Working with EWIs
The number of generated EWIs depends entirely on your programming style and the size and type of files that make up migrated application. As a rule of thumb, forms usually have more issues than classes and modules. This is caused because forms have a richer object model and significant transformations must be applied when performing the upgrade to Windows Forms.
The best approach to dealing with EWIS is to get the application to compile and run as quickly as possible, leaving the runtime differences, non-critical work, and improvements until later. This requires fixing compilation errors and ToDo EWIs first.
A way to make this work is to use Visual Studio’s Task List. You can filter the Task List to show all the EWIs and compilation errors or to show only the compilation errors. Start by filtering by compilation errors only. Once the project is running, you can start applying fixing runtime errors related to EWIs.
For each EWI, it is better that once a problem is fixed, have the EWI in the code to prevent it for showing up in the Task List. This ensures that the Task List shows an accurate list of remaining issues.
Recommended Steps to fix a Migration Issue
This section shows the recommended steps to fix an error related to both EWIs and other migration errors: These are:
- Locate the source of the problem
- Understand the code purpose in the original VB6 application
- Identify a solution in .NET
- Implement the solution
- Document the solution
The fix step to fix an error is to locate the specific line or section of source code that is causing the problem. For a Compiler Error is very simple because the Visual Studio compiler will show you the line of code directly. For a Runtime Error, however, this task has additional complexity.
A good process for finding these is to:
- Add a breakpoint in the .NET application a few lines before the code where the exception or the different behavior manifests itself
- Add a breakpoint in the VB6 application in the corresponding line where the .NET breakpoint was add in the step 1
- Run both applications until you hit the breakpoint. The, debug step by step both the VB6 application and the .NET application and the same time. With this approach, you can quickly determine differences between the values of the variables involved in the process and on the execution flow, which would point out the differences between the two applications that may be causing the problem.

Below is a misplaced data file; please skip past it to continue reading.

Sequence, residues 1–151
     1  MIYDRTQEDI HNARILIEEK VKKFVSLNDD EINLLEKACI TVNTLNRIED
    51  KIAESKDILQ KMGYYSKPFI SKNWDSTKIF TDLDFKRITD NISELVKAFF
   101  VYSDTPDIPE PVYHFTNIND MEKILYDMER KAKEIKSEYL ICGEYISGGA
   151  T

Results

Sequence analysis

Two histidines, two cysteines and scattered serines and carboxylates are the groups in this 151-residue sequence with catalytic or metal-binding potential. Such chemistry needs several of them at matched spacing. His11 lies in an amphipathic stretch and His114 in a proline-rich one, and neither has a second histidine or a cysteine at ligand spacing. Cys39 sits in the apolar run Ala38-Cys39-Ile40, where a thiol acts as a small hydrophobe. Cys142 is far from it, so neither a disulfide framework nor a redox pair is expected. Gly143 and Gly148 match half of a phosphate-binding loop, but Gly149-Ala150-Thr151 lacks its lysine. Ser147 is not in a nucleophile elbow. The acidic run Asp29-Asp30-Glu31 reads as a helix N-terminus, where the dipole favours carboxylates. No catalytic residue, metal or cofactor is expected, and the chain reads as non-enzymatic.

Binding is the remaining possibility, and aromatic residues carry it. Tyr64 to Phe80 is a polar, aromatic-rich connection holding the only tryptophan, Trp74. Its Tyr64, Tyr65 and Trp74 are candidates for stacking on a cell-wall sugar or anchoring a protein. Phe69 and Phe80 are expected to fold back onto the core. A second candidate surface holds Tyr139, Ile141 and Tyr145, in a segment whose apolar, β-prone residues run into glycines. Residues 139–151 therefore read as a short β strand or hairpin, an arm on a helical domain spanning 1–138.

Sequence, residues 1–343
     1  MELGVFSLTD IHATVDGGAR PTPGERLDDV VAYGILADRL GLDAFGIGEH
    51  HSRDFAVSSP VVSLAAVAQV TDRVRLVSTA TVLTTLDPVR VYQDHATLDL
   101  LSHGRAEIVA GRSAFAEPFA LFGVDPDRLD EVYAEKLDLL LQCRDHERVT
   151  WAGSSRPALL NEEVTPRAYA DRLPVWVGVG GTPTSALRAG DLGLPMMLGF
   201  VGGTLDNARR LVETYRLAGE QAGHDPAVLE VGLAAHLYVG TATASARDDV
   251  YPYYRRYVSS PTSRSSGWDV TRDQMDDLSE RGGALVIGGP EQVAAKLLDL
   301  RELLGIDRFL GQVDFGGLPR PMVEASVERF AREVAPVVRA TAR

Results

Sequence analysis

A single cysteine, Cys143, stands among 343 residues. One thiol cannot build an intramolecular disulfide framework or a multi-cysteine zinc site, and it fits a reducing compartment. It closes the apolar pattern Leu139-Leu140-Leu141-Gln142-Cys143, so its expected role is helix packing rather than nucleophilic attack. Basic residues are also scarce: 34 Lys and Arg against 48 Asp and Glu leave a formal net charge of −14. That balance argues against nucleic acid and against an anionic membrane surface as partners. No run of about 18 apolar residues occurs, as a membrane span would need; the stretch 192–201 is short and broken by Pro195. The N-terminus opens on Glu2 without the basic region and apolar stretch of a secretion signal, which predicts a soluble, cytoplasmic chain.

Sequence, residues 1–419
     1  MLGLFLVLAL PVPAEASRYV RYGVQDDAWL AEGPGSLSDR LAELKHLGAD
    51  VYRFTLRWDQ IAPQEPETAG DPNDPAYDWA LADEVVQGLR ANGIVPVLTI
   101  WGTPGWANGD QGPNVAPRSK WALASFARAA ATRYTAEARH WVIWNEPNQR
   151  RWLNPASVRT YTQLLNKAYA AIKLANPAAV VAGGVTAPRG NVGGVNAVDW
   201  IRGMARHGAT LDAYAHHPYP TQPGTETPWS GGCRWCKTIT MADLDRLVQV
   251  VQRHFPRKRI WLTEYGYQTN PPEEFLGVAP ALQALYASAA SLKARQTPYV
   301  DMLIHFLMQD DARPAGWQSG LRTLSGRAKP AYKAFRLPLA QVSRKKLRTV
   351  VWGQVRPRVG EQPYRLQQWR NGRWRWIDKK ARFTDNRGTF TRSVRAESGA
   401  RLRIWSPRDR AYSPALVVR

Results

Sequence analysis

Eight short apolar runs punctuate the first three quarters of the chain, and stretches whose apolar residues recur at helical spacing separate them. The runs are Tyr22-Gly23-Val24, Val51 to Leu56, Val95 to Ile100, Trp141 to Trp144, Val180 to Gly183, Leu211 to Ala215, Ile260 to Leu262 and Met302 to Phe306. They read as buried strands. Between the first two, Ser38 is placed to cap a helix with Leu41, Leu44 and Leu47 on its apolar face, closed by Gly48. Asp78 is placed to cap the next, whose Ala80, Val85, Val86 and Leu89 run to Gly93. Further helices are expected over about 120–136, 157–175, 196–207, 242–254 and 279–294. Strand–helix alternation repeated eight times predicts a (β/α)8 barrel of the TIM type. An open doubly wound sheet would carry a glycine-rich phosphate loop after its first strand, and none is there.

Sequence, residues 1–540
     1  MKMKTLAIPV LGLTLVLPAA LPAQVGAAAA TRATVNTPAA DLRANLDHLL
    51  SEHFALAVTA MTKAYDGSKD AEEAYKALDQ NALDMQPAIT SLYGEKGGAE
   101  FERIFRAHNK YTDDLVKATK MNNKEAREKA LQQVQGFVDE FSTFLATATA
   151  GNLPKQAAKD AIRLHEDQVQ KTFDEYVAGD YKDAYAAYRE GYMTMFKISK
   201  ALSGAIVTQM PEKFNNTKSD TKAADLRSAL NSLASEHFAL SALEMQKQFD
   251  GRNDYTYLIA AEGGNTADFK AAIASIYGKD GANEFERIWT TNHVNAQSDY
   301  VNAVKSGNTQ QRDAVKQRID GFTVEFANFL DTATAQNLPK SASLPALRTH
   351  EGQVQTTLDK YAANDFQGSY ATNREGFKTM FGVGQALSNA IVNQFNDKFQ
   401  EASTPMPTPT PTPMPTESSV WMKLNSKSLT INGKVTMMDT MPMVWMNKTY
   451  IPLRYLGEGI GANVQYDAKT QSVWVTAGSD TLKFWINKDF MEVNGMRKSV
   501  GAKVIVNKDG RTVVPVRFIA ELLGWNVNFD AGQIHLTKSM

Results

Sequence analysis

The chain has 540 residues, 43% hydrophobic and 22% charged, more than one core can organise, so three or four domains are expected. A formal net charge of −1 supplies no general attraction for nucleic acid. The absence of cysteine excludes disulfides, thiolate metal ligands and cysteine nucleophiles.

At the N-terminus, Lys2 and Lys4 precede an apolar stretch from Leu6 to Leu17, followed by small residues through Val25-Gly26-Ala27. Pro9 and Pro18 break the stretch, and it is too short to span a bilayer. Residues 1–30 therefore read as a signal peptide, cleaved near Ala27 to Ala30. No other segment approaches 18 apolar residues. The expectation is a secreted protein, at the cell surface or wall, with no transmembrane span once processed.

- If the is no difference between the values and the execution flow, the next step is to move the breakpoint several lines back. This may require adding a breakpoint to other methods in both applications the VB6 and the .NET applications.
- If a difference in the value of a variable is found you can do a search to find out other places where this variable has a value assigned to determine where it is getting a different value.
The next step is to understand, in the original VB6 application, the actual functionality of the section of the code causing the problem. The following activities can be performed to understand de original behavior:
- Read the VB6 documentation for the line of code that is failing. For example, if the problem is related to drag and drop, it is important to understand in detail how this feature works.
- Create small examples of code that use the same features.
- Execute again step by step (debug mode) the section of the code causing the problem.
- If possible, ask to the developer who maintains the application.
Once the functionality of the original VB6 application is understood, the next step is to replicate the same functionality in the migrated .NET application. Some recommendations for this are:
- Review the related.NET documentation on MSDN to determine how to archive the same functionality in .NET. Going back to the “drag and drop” feature, it is important to understand in detail how it is used in.NET and what are the differences with the VB6.0.
- If available, review any the historical data on migration problems to find solutions implement by other consultants.
- Perform a general search in the Internet using a regular search engine
- Create small examples of code in .NET to replicate the VB6 functionality.
- Ask your peers or a migration expert.
The following process should work as a guideline to actually fix the code in .NET with the solution identified in the previous step. It consists of the following activities:
- Modify the code of the migrated application with the identified solution
- Test the migrated application to confirm that the behavior is the same than the original VB6 application.
- Review the rest of the migrated code to determine in the same problem is present. If the error is present in other areas then a Customization Opportunity can be considered. Several factors must be taken into account at this point:
- Timing: Will the current timeframe of the project allow the Mobilize Product Team to implement the required customization? If not, is the impact of the error large enough to justify it to be reported in order to be included in future releases and used in future projects?
- Complexity: Is there an opportunity to make the replacement in several places using another automated solution such as Regular Expressions.?
- Rework required: Are the manual changes performed at this point in the project so many that executing a code merge will imply too much additional work?
Once the problem is resolved, it is important that the solution is properly documented and stored in a shared knowledge base so other developers that run into this issue are able to access it. This documentation should include the following information:
- Description of the problem
- Description of the solution
- Examples of the problem and the solution in VB6 and .NET respectively.